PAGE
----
Talent is not a factor when it comes to writing. Some might disagree with me, but I’ll stand by this. A person with a boatload of talent, but is easily swayed by their doubts, won’t go as far as someone with less talent, but a mountain-load of drive. Natural born talent might get you started and might gain you some early accolades, but it won’t help you cross the finish line.

There’s only one way I know to be patient and that’s to enjoy the writing and to just keep writing and doing everything you can to improve. The hike will always be easier when we love it. If we don’t, then we’ll drag our feet and everything along the way will become that much harder.

Daily ask yourself what you want. Daily fall in love with your manuscripts. Enjoy the storytelling process. Be a slave to your stories. Delight in the lack of sleep because you have to wake up in the middle of the night to write down an idea.

You are a writer. Rejoice.

How do you remain patient with where you want your writing to go?
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This post was written for the Insecure Writer's Support Group where we share our encouragement or insecurities on the first Wednesday of the month (I’m day early because of the A-Z Challenge). To join the group or find out more, click here.



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I’ll be taking part on the A-Z Challenge via the Insecure Writer’s Support Group website. Today I’m kicking the challenge off with a short writing tip: A is for… Applying Yourself as a Writer.

You can also link your A-Z posts in the IWSG Facebook threads we will provide.
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I’d also love to share the exciting news that one of my wonderful critique partners, and an amazing writer, Carol Riggs, has signed a contract with Angry Robot’s YA imprint, Strange Chemistry. Her book, The Body Institute, has gone to a brilliant home after a ‘competitive bidding situation’. You can read the announcement here on Publishers Weekly. Congratulations, Carol!


Monday, March 17, 2014

How to Survive a Writer's Life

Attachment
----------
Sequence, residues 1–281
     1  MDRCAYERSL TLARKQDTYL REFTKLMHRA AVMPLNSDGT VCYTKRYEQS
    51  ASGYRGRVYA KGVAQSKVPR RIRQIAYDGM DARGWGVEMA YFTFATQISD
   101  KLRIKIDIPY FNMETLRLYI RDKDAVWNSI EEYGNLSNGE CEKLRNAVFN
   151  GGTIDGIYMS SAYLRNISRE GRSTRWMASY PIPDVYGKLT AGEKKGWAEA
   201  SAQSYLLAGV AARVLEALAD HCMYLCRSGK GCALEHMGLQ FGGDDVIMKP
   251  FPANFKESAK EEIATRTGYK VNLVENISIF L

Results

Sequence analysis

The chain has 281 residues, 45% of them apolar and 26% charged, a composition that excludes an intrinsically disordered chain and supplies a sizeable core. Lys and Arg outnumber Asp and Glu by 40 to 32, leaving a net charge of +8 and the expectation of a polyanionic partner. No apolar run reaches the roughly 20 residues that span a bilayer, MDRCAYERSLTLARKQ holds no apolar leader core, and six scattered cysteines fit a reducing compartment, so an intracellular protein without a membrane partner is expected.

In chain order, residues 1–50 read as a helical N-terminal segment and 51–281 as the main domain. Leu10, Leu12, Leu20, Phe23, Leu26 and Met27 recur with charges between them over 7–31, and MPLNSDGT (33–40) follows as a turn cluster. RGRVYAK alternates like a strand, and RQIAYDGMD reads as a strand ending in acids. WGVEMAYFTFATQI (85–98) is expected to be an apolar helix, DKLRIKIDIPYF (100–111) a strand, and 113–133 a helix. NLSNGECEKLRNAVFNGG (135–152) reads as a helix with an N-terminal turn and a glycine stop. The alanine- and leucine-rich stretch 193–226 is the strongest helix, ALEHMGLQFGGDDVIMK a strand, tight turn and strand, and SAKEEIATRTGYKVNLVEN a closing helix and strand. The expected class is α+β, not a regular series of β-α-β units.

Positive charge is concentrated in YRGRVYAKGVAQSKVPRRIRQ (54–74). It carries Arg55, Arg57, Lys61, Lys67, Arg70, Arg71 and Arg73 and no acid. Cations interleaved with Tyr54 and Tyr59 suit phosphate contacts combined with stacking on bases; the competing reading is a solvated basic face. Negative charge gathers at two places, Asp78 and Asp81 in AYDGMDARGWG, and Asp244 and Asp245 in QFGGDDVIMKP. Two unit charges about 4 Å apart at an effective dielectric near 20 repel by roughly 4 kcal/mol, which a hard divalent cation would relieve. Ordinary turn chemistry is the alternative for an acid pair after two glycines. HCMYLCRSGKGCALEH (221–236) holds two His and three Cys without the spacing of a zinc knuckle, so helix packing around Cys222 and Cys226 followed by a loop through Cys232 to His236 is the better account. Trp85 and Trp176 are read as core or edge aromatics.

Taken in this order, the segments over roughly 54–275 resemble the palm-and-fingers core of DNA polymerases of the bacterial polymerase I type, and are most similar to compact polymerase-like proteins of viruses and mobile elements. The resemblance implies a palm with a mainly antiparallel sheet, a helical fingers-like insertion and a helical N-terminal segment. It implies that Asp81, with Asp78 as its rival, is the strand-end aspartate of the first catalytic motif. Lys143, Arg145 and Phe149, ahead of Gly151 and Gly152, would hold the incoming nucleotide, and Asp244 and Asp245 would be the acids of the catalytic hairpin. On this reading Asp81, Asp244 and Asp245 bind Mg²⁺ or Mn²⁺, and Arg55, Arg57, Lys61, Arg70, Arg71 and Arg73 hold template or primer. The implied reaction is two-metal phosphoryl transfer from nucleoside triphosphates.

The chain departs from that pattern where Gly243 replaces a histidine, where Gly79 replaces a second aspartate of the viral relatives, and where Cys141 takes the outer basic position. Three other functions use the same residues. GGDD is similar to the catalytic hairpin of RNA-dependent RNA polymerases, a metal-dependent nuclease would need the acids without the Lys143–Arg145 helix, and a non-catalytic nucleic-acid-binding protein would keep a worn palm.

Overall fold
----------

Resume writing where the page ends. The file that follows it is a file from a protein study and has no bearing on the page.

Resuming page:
Today I'm over at the Insecure Writer's Support Group website, talking about ways to best survive the difficulties of a writer's life.

I'd love to see you over there.

#IWSG


Wednesday, March 5, 2014

Of Insanity and Creative Works #IWSG

It’s been my experience that insanity and creativity go hand-in-hand. I’ve taken on a number of extra projects this year, one of which is not writing. It’s an artistic endeavour. No surprises since it would be a rare thing to find me doing anything that’s not creative. It does require a steep learning curve, though. Eek.

Creatively speaking, the more insane things get, the more alive I feel and the more satisfied I am in the work I produce, whether it’s a story or a piece of art. Consequently, I shouldn’t be nervous about how much I’m taking on. I must confess, however, I am. Just a little.

Nervous and excited.

Can I do it all? Can I do it all well? Will I be able to find the time? Will I be able to achieve the result I have jumping about in my head?

Does it matter? Not really. Part of the fun is in the discovery and learning and pushing myself to improve. I’m having a wow of a time tip-toeing along the blade’s edge that is insanity and creativity. How about you? What keeps you dancing along that edge?

My writing tip for the week:
Writing (and anything creative) is hard. So what? You love it don’t you?

Photo: I took this photo a couple of weeks ago. I love the colours.

This post was written for the Insecure Writer's Support Group. On the first Wednesday of every month, we post about our insecurities or share encouragement. To join the group or find out more info, click here.